- Long queues. Essentially exchanging currency at the bank is as good as writing off at least half of the day.
- Banks refusing those who are not customers. Several banks at several times have refused people who had come to exchange notes citing a shortage of notes and necessity of serving their customers.
- Unrealistic limits. The limit of exchanging four thousand rupees is unrealistic for them. It translates to 8 sales. Earlier they could use different identification papers to get around that, but with the new inking rule, it is a one shot deal. This is more likely to be the reason for reduced queues for exchange than the absurd theories of “agents”. Sure, there would be agents, but there is just so much profit in standing in a queue all day and earning a few hundred rupees. Any serious laundering business would have access to politicians and banks to do large transfers to make any realistic profits that are more than an income comparable to labour. Several of them said they spent the first half of the day at the bank exchanging notes and did business in the evening, accepting old notes in order to sell vegetables – they refused to say this on camera. Regardless, the new rule about inking puts paid to this strategy as well and they are essentially without any business at all. And the limit of two thousand rupees makes living itself a cruel joke.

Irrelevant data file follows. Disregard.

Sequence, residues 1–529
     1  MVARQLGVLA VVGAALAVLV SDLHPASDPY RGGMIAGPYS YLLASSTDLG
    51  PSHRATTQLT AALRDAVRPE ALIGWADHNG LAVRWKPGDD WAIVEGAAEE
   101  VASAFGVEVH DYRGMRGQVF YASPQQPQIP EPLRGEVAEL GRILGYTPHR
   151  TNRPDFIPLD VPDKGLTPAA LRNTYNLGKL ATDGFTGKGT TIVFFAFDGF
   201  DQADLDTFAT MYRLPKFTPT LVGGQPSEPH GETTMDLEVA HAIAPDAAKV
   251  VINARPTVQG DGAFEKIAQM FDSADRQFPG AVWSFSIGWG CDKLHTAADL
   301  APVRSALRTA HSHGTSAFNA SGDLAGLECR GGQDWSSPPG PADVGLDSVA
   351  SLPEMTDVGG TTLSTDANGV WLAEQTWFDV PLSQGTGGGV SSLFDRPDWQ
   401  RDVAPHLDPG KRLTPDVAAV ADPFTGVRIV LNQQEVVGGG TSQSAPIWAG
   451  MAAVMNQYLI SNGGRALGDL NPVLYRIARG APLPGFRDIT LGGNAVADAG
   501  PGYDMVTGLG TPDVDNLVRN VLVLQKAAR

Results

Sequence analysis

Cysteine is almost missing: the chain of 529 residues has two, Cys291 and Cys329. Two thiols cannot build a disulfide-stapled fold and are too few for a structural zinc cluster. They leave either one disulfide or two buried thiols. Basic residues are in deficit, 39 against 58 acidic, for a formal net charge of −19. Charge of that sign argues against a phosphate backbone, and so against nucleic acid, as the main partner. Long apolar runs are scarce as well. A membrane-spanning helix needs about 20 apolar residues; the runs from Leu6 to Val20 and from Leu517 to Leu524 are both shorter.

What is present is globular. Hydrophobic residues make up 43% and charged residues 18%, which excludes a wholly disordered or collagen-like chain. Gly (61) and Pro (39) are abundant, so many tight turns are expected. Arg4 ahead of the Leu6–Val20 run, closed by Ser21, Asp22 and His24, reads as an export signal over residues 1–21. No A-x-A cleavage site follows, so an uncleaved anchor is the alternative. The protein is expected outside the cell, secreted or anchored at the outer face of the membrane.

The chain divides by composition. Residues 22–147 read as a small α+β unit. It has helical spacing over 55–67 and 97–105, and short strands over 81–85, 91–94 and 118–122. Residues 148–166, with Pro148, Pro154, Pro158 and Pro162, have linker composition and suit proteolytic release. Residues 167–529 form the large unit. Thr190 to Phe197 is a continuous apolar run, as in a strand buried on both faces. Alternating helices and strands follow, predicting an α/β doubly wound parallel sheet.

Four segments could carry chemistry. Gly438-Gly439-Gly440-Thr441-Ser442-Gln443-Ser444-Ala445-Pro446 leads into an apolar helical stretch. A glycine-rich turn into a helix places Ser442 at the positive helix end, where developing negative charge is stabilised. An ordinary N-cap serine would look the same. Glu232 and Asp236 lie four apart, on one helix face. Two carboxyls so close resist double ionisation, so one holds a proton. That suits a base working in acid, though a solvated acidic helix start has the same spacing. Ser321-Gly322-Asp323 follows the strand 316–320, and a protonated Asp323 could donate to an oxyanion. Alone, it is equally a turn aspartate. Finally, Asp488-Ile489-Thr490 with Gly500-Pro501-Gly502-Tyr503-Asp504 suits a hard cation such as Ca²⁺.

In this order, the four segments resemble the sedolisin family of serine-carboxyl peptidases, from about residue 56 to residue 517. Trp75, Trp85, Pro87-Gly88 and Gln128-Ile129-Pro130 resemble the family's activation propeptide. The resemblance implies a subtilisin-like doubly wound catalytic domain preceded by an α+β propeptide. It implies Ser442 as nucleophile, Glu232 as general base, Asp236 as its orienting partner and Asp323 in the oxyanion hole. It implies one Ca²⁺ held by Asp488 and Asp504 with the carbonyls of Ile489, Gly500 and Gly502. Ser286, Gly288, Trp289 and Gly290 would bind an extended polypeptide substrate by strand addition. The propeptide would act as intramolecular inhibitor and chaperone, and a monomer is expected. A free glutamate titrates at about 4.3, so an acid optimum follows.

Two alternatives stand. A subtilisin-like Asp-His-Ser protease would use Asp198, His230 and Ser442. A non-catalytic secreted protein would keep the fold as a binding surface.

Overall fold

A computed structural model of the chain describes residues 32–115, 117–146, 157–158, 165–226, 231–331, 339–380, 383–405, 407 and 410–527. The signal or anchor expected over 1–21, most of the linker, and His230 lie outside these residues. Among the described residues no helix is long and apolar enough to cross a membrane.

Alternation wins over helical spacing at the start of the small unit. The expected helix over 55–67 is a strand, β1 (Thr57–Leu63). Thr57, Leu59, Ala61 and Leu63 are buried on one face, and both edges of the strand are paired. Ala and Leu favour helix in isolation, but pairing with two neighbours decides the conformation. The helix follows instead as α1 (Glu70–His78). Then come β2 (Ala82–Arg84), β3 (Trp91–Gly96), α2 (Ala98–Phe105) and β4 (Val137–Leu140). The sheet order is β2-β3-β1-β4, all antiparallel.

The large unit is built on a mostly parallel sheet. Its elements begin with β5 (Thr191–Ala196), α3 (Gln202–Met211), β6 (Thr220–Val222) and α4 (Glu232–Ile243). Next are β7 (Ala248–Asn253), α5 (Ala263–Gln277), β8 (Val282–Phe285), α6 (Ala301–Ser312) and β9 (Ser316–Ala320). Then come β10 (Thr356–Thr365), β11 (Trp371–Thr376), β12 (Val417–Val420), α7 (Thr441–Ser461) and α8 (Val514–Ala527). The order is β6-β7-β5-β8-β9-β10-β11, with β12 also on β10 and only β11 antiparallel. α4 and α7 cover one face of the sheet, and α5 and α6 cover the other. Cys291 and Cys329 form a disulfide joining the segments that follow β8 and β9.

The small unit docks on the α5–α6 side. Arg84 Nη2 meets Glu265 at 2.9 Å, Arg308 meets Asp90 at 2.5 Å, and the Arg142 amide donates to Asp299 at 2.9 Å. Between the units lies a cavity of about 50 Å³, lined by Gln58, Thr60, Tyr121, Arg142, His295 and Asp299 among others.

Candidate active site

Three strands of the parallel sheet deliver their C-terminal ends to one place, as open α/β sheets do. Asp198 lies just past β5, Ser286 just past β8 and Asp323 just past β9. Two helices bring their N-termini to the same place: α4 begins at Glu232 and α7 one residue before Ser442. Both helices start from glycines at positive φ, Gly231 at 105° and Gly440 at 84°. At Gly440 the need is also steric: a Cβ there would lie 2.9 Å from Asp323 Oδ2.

Founder at Aam Janata
Vidyut has a keen interest in mass psychology and using it as a lens to understand contemporary politics, social inequality and other dynamics of power within the country. She is also into Linux and internet applications and servers and has sees technology as an important area India lacks security in.
Latest posts by Vidyut (see all)
- Open letter to the Chief Justice of India - April 13, 2019
- Nationwide Protest by NREGA workers #NREGASangharshMorcha - March 2, 2019
- Repression of Activists cannot stop the second Kisan Long March - February 16, 2019